Matt and Kim: Baltimore 6/1/11 Recap

(Taken with my phone, so excuse the fuzziness.)  

 

I’ve said before that I’m not usually into indie-pop/dance-punk.  It’s not really my style…blah blah blah. I’m not sure what to make of it was my excuse. In recent years, my girlfriend has played me Matt and Kim, Mates of State, and Passion Pit.   My first reaction was usually something to the effect of being polite and smiling.

Turns out, I might be wrong.  Last summer, we went to see Mates of State at Baltimore’s Ottobar and I admit I was shocked by how good they were live.  The live songs weren’t carbon copies of the studio versions – they were louder, faster, and also made me appreciate the musicianship of the band.  As the Matt and Kim show approached, this hesitation was gone.  I came in knowing I would enjoy myself.

Right from the beginning, it became apparent that Matt and Kim would tear down the house.  There’s only two of them (hence the name) but drummer Kim Schifino and keyboardist/singer Matt Johnson emerged on stage, like it was the Superbowl – lots of jumping and fist pumping.  Rarely, have I seen an act so into their own show before it even starts.  Usually, the group comes on stage – maybe there’s a “hello” – and it’s “1,2,3,4” and off they go.

And their energy rarely let up as they tore through their three albums (2010’s “Sidewalks”, 2008’s “Grand” and 2006’s  “Matt and Kim”).  Matt and Kim’s sound relies on Matt’s melodic vocals and odd keyboard sounds and Kim’s pounding drums.  The chemistry between rubbed off on the audience – most of whom knew every single word – a fact that Matt admitted he still had trouble getting over.  In sections when Matt played solo Kim would stand on her bass drum, jump into the audience, stand on her drum stool and click the drum sticks in time – with a huge grin on her face the entire time.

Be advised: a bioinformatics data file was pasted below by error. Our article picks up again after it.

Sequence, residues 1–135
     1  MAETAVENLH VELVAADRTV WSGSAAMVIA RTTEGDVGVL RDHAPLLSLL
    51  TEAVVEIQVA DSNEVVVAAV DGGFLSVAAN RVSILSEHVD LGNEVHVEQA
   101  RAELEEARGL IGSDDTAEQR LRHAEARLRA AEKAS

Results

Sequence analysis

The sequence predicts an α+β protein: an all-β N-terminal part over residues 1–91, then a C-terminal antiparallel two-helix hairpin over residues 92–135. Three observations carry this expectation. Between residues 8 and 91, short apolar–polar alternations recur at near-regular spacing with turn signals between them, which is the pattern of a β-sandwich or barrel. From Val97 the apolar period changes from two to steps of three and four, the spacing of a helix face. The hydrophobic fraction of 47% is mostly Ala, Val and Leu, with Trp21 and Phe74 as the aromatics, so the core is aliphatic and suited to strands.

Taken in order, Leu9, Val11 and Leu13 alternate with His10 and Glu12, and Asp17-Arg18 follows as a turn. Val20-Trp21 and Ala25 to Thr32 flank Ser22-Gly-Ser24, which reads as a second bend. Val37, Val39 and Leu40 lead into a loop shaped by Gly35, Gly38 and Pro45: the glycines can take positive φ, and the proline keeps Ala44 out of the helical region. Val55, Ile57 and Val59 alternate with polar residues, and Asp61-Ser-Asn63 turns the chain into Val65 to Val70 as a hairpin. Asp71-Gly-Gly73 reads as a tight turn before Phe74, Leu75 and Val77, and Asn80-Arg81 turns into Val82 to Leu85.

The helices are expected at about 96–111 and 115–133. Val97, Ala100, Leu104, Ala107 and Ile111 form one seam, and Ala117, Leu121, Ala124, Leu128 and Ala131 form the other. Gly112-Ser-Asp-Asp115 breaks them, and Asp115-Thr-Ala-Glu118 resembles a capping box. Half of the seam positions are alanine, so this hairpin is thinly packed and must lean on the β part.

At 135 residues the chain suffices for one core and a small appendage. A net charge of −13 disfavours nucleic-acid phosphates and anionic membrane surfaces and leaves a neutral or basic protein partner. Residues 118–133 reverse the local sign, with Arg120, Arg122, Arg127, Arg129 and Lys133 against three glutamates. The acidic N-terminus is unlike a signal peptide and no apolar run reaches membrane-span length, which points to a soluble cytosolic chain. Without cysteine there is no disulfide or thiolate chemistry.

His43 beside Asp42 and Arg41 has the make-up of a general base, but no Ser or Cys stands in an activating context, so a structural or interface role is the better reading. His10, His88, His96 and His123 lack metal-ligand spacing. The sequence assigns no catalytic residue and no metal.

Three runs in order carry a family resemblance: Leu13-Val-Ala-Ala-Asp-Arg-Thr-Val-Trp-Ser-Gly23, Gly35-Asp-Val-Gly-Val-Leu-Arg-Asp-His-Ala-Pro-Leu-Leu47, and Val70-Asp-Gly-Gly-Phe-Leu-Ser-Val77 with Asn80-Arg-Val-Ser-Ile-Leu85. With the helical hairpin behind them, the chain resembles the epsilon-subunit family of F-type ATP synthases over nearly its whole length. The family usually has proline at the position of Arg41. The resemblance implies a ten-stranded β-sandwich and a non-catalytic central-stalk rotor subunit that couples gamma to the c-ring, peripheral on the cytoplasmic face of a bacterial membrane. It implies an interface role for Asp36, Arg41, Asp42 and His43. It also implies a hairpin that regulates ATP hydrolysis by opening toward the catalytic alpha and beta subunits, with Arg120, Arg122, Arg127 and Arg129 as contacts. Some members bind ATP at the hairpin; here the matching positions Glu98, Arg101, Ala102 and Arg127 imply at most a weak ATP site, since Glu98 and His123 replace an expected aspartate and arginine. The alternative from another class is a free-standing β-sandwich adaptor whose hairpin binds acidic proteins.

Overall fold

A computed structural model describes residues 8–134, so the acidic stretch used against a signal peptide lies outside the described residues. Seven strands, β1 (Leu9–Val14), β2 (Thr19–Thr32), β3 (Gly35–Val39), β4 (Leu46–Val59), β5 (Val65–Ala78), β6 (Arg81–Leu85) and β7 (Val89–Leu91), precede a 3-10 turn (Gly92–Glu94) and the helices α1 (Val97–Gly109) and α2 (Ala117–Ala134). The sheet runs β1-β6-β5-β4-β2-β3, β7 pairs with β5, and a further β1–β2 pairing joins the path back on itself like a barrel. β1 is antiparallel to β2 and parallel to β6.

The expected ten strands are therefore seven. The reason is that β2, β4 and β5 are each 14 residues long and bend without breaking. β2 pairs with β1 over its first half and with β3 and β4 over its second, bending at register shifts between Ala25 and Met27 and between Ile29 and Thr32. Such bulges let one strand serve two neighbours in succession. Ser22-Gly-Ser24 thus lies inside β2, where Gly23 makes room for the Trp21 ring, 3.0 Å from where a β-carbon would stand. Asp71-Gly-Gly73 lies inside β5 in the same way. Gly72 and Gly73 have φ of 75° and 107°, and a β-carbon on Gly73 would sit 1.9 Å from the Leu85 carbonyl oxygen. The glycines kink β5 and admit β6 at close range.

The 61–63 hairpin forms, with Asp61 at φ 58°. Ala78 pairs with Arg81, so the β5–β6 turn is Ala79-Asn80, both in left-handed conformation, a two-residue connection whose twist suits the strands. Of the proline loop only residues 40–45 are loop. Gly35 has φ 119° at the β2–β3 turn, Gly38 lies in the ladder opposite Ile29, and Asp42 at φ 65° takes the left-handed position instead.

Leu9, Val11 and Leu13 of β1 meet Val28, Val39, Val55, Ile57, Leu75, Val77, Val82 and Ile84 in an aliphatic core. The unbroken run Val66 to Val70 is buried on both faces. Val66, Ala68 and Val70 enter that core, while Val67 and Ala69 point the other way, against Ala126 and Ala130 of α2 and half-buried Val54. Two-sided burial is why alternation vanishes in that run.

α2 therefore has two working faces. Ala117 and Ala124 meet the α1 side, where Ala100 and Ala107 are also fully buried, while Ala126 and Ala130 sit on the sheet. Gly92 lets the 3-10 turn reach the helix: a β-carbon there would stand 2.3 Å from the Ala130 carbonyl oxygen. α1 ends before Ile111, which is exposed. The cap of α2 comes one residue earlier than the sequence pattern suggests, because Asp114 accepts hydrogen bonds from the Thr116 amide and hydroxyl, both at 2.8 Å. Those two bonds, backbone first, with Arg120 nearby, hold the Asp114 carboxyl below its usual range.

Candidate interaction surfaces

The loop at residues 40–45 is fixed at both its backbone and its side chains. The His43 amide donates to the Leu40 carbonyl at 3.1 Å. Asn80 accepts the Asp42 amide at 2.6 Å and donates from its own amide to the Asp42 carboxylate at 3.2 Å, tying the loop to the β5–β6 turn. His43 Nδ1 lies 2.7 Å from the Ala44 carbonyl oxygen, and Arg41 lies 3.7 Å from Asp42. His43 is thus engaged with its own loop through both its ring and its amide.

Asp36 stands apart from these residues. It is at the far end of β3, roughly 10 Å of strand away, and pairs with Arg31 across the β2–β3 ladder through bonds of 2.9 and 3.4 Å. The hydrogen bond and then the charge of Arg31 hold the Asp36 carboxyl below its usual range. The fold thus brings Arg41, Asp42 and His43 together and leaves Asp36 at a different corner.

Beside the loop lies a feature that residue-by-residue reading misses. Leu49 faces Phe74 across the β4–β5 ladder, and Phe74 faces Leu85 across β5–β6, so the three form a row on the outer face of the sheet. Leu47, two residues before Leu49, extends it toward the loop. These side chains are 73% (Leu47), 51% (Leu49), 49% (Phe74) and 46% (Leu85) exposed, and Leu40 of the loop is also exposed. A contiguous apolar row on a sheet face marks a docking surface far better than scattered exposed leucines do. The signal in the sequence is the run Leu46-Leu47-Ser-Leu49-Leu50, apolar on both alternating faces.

It was impossible not get caught up in the mayhem  and not just because of their stage presence.  Seeing them live made me realize, how inventive and original this band is.  They somehow managed to have experimental tendencies, punk aesthetics, Springsteen-sized showmanship, and extremely poppy songs.

Without a doubt, the best show I’ve seen in a while.

Also check out Reptar, one of the opening bands.  At first, I was very confused.  They seemed a little ironic for their own good, but they soon won me over.  I’d describe how they sound – but I’m not sure I could really do it justice.

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6 Comments

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6 responses to “Matt and Kim: Baltimore 6/1/11 Recap

  1. Sounds like a very energetic show, to say the least! I’ll definitely check them out if they play the NW. Nice review.

  2. Oh Matt & Kim. There was that magic moment around 2008 were you could go to a noise show and get the whole experience. Matt & Kim, Parts & Labor, a little Quintron (down the street), and Pterodactyl. I miss those days before the (already tiny) scene started subdividing itself further

    • Ahhh…I wish I could have been around for that. All Baltimore has is Beach House and Animal Collective, which I guess is cool if you’re into that stuff. Though I moved here after they had already blown up.

      • Not true! You have Dan Deacon and the rest of the WHAM City crew (Video Hippos, etc.) Hell I went to a noise-y show in Baltimore once and saw Ponytail before they had a singer. Giving free CDs out of a briefcase! Then I got kicked out for letting some black kids in, found that Baltimore has garages that close(!) at midnight, and spent the night crashing at some crazy pinball mansion.

        Oh, Baltimore, how I love to hate you…

      • Where were you in Baltimore? Was it Sonar?

      • It was actually some dude’s house party. I think my friend’s band (Parts and Labor) was the only band there with a label. Ponytail was awesome, but this was before they had a singer, and then some DJ took the stage so we exited to the front. Where I inadvertently started letting in the wrong crowd.

        Downtown Baltimore. There was some crazy party I walked past going on in the middle of a parking lot, but I was too concerned with getting to my car to investigate.

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